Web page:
Jump to content


Georgia proposes 8 team playoff


Guest Night Phantom
 Share

Recommended Posts

Guest Night Phantom

ATHENS, Ga. -- The president of the University of Georgia proposed an eight-team playoff system to determine the NCAA's national football champion.

 

Michael Adams, chairman of the NCAA executive committee, has opposed a playoff for 20 years but said Tuesday the current BCS system is "undercutting the sportsmanship and integrity of the game."

 

Adams wants the NCAA to seed eight teams into the four bowls. If one of the major bowls declines to participate, then another bowl could fill the void.

 

"I believe the season is already too long and demands too much of athletes and the universities that serve them," Adams said at a news conference. "But this year's experience with the BCS forces me to the conclusion that the current system has lost public confidence and simply does not work."

 

Adams would like a special NCAA committee to work out the particulars, but the plan calls for the winners of the four major bowls -- Rose, Sugar, Orange and Fiesta -- to play semifinals at least one week later, with the championship game the following week.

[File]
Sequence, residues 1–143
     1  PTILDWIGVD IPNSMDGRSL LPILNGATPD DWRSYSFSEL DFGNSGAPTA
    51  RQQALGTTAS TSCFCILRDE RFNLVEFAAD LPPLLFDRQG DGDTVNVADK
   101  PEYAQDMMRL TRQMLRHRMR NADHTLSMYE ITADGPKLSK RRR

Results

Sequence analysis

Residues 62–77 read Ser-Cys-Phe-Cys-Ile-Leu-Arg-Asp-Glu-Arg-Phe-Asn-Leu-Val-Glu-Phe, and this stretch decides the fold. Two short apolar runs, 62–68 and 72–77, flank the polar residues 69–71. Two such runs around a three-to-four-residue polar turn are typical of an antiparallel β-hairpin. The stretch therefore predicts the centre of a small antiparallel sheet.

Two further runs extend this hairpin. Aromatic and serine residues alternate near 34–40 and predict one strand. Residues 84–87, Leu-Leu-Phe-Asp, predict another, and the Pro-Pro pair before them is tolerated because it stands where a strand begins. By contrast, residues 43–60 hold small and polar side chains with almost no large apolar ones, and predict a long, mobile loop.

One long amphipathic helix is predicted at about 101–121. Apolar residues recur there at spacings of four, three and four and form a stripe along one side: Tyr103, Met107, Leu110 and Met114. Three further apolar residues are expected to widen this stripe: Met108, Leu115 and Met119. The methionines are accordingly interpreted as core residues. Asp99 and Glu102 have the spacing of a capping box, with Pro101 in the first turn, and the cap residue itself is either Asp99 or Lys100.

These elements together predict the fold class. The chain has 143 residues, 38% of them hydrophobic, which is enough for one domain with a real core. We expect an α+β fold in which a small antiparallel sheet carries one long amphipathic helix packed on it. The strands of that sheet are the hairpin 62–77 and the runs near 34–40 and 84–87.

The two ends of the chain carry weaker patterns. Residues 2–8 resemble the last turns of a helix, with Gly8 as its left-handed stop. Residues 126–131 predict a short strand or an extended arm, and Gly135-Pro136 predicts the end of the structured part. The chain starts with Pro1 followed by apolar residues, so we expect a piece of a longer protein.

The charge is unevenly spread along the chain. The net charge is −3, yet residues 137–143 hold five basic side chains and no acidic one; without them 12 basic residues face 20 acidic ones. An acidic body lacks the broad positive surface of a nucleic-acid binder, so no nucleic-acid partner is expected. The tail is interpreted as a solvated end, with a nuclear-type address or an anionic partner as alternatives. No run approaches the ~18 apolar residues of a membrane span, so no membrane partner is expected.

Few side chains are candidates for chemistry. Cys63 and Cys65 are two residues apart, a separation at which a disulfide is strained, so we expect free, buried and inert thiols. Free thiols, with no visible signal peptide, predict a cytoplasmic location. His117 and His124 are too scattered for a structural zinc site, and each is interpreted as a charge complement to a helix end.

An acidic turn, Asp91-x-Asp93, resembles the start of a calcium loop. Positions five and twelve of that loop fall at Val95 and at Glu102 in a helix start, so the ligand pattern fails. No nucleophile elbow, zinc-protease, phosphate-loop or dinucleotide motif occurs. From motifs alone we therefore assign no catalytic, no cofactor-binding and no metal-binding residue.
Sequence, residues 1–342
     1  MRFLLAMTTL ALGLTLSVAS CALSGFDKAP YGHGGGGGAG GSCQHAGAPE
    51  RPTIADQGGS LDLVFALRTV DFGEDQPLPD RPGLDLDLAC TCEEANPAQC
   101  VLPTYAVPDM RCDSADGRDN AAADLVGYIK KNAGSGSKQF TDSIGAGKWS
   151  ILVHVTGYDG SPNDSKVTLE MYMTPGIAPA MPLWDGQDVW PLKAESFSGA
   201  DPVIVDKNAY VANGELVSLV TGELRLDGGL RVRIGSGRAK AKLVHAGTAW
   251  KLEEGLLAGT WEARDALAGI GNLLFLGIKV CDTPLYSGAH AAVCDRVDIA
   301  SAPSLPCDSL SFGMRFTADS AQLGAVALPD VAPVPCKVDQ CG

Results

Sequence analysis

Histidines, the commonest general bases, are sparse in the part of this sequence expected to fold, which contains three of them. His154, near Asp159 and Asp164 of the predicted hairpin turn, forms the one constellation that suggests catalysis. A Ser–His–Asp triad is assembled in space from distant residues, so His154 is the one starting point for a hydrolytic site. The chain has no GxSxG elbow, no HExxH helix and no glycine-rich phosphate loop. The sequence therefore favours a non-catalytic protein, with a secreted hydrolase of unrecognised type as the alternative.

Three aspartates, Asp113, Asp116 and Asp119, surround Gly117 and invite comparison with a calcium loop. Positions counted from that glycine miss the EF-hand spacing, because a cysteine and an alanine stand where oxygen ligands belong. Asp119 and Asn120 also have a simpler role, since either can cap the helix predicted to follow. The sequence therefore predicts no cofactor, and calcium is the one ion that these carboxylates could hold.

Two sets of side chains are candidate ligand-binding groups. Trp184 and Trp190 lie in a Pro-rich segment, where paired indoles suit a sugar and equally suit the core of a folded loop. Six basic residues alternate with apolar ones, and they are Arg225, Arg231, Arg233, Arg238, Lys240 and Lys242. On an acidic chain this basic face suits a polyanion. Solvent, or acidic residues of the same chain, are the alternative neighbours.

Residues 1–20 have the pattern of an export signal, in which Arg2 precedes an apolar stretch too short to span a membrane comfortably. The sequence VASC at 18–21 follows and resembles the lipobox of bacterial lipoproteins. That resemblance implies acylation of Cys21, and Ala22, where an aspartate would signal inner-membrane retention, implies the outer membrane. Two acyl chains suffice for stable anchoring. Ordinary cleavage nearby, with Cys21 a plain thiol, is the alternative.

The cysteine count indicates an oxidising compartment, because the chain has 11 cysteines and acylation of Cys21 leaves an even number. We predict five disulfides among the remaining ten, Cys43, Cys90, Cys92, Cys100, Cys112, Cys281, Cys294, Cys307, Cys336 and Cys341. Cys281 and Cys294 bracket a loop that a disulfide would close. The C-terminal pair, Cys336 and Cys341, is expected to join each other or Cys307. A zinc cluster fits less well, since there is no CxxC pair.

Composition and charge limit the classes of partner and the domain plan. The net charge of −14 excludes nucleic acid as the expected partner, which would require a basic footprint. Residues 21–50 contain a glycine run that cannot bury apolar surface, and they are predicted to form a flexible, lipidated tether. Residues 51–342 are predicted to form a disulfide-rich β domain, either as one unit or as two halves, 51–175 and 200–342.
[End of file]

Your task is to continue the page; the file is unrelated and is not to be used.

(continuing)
In a statement posted on the NCAA Web site Tuesday afternoon, NCAA president Myles Brand said he would take Adams' request to the Division I board of directors Monday at the NCAA convention in Nashville. Brand said the structure of postseason football for the Football Bowl Subdivision rests with the presidents.

 

"The BCS has produced some exciting games since it came into existence, but there may be a feeling among some presidents, though not all, that there is need for structural changes. This is an issue that will be decided through presidential leadership," Brand said.

 

Georgia was ranked fourth in the BCS entering the last week of the season, behind Missouri, West Virginia and Ohio State. When Missouri and West Virginia lost, Georgia did not rise to second behind Ohio State but dropped to fifth in the BCS. Southeastern Conference champion LSU vaulted from seventh to second.

 

LSU defeated Ohio State 38-24 Monday night to win the BCS title. Georgia routed previously undefeated Hawaii in the Sugar Bowl, 41-10.

 

LSU coach Les Miles wasn't overly pleased with the timing.

 

"There's a time for proposals. There's a time for adjusting the schedule. It might not be today," he said Tuesday.

 

"Whatever the rules are is fine with me," Miles said of the plan. "I can tell you this, a year ago if we had an eight-team playoff, we might've fared pretty well. This might've been our second trophy. I look forward to whatever setup there is."

Even SEC commissioner Mike Slive, who essentially works for the university presidents, gave Adams a light slap on the wrist.

 

"I was disappointed that the story came out today. This is LSU's day and the Southeastern Conference's day," said Slive, whose two-year term as the BCS coordinator ended with Monday night's game.

 

Adams insisted he was prepared to advance the proposal even if Georgia had played in the title game.